A federal audit and a three-part series in The Sun last month detailed serious deficiencies in the emergency program to fix up more than 1,000 homes for the poor, including shoddy work, inflated costs and bogus bills.
Mr. Henson acknowledged that the cancellation of the Lanocha contract "did set us back a bit" in renovating the auctioned houses but said the city is hiring another contractor to complete the work.
Third District Councilman Martin O'Malley decided to look into the auction after receiving a letter from Ward Morrow, a lawyer who has been left dangling since he made a $25,000 bid on a two-story rowhouse in the 3900 block of E. Pratt St. in Highlandtown.
Mr. Morrow got into a dispute with an auction official who told him to ante up an additional $5,000 because the state owned the house and had set the minimum bid at $30,000.
State housing officials agreed in June to let him have the house for $25,000, but the city did not begin the repairs and then demanded that he pay for them.
"This was a first-time purchase, and I was real excited about it," Mr. Morrow said. "Now it's been a year, and I don't know how much the house has deteriorated. It's outrageous."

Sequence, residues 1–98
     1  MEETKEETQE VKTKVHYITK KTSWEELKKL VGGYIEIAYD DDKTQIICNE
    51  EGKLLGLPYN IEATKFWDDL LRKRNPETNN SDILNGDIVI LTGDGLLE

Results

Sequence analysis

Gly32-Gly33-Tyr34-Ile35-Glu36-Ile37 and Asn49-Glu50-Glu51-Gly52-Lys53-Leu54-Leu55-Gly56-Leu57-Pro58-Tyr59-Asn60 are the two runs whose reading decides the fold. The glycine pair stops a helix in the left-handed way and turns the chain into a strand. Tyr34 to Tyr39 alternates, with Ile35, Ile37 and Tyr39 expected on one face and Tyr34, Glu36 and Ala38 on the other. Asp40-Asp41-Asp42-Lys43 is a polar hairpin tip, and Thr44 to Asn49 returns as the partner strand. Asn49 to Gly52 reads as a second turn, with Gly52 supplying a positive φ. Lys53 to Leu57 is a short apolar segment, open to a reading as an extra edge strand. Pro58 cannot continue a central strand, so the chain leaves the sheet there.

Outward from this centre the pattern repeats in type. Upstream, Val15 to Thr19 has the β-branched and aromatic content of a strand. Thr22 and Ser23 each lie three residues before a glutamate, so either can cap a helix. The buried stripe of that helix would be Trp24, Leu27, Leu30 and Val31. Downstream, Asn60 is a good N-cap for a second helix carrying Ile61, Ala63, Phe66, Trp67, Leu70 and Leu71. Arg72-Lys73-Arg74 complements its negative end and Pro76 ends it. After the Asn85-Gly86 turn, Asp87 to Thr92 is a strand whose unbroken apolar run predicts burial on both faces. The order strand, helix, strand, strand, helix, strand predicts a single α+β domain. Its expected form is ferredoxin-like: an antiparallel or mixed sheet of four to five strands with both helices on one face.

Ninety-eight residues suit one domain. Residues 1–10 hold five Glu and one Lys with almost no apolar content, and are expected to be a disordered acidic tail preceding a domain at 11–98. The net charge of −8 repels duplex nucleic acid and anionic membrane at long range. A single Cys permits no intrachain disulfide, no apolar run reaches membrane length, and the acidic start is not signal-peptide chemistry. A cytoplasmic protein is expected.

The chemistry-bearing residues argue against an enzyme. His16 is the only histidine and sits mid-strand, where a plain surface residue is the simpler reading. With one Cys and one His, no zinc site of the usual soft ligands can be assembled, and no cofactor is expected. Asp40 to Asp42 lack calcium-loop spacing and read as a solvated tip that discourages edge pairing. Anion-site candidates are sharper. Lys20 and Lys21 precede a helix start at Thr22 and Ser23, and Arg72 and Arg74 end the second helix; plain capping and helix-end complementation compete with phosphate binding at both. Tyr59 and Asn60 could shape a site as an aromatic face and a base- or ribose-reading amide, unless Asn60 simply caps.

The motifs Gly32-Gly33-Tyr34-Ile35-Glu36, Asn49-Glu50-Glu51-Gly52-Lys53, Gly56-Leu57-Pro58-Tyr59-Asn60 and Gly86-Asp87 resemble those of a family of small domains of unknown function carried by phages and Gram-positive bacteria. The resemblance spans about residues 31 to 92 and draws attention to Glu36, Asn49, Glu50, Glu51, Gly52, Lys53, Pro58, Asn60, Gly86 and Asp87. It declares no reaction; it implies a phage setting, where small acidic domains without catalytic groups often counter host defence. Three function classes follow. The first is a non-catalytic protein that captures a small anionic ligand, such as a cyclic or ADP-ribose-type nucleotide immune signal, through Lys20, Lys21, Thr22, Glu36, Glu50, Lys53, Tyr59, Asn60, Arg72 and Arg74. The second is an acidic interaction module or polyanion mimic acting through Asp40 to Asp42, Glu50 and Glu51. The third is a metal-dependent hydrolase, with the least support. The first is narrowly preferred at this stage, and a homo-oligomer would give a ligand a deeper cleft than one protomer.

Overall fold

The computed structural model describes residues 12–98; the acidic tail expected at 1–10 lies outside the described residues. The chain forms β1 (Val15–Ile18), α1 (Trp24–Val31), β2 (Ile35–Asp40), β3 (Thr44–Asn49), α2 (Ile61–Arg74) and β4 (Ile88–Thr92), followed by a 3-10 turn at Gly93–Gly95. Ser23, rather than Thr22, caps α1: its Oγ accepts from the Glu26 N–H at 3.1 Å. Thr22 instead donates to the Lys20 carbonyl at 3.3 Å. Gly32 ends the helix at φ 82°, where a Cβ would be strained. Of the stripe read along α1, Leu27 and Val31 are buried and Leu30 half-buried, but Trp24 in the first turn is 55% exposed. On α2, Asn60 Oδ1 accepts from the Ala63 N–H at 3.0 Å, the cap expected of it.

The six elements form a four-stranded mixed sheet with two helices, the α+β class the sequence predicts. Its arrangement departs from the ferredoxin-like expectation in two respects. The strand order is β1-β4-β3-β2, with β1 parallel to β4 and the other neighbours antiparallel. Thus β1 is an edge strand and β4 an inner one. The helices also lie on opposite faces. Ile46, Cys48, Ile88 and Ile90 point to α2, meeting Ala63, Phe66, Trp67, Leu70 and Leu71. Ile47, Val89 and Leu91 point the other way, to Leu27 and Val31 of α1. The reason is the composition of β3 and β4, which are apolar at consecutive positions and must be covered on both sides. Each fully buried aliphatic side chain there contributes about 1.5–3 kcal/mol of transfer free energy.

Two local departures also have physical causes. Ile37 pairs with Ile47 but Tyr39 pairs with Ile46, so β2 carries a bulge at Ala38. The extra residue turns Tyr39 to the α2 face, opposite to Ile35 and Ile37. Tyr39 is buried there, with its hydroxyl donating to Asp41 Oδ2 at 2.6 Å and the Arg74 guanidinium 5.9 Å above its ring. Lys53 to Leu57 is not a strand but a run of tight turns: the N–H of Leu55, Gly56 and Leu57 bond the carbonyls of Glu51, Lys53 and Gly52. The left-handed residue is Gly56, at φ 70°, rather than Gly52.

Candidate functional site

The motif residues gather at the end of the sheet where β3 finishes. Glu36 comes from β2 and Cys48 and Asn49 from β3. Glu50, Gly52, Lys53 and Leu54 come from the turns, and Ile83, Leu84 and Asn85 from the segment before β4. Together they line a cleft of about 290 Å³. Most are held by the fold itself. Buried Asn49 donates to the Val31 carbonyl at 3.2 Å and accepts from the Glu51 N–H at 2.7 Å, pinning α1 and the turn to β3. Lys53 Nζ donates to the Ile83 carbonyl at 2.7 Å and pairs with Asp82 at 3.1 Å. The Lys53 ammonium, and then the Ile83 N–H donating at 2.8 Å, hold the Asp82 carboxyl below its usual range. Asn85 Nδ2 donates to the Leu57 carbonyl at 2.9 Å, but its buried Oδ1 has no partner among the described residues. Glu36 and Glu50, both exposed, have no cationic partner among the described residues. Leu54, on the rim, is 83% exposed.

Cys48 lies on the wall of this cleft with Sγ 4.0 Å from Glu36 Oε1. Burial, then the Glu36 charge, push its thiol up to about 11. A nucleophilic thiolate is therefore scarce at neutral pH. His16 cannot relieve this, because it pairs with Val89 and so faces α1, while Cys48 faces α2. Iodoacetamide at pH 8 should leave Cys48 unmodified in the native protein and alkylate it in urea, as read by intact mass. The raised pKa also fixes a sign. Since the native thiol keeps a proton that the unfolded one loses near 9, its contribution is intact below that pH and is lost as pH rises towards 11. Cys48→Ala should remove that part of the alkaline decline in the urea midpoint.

Billed as a chance to revitalize neighborhoods and get vacant, dilapidated homes back on the tax rolls, the auction offered about 160 houses ranging from a Charles Street condominium to modest rowhouses in Reservoir Hill, Hollins Park, Poppleton and Federal Hill. About 100 of them went unsold.
The city promised to pay for renovations with "gap financing" from community development block grants if owners pledged to live in the home for at least 10 years. Community Development Financing Corp., a quasi-public development organization, lined up contractors and handled most of the construction loans.
At the time of last year's auction, city officials hoped it would have a greater chance of success than one held the previous year. In a 1993 tax sale, 350 of 1,500 vacant homes were sold, mostly to investors.
Mr. Smith, 32, said he was eager to fix up at 203 Lafayette Ave., the house he purchased for $43,000, and that he planned to live there for years.
Robert Helmacy, a 39-year-old ironworker who sold his home in Pasadena for $106,000 to qualify for the auction and bid $40,000 for a house at 207 Lafayette Ave., said, "I wanted to move into the city."
For Gilbert S. Jenkins Jr., the auction offered a chance to turn around his mostly deserted block. He was looking forward to neighbors such as Mr. Helmacy. But his enthusiasm has turned to dismay since contractors damaged the wall next to his dining room.
Workers put up tar to stop the leak and left the unfinished home covered with a sheet of plastic. But Mr. Jenkins' wallpaper has shredded, and his basement still gets soaked when it rains.
"All of the buyers have been put in a very difficult situation," Mr. Smith said. "My life has been on hold since last April."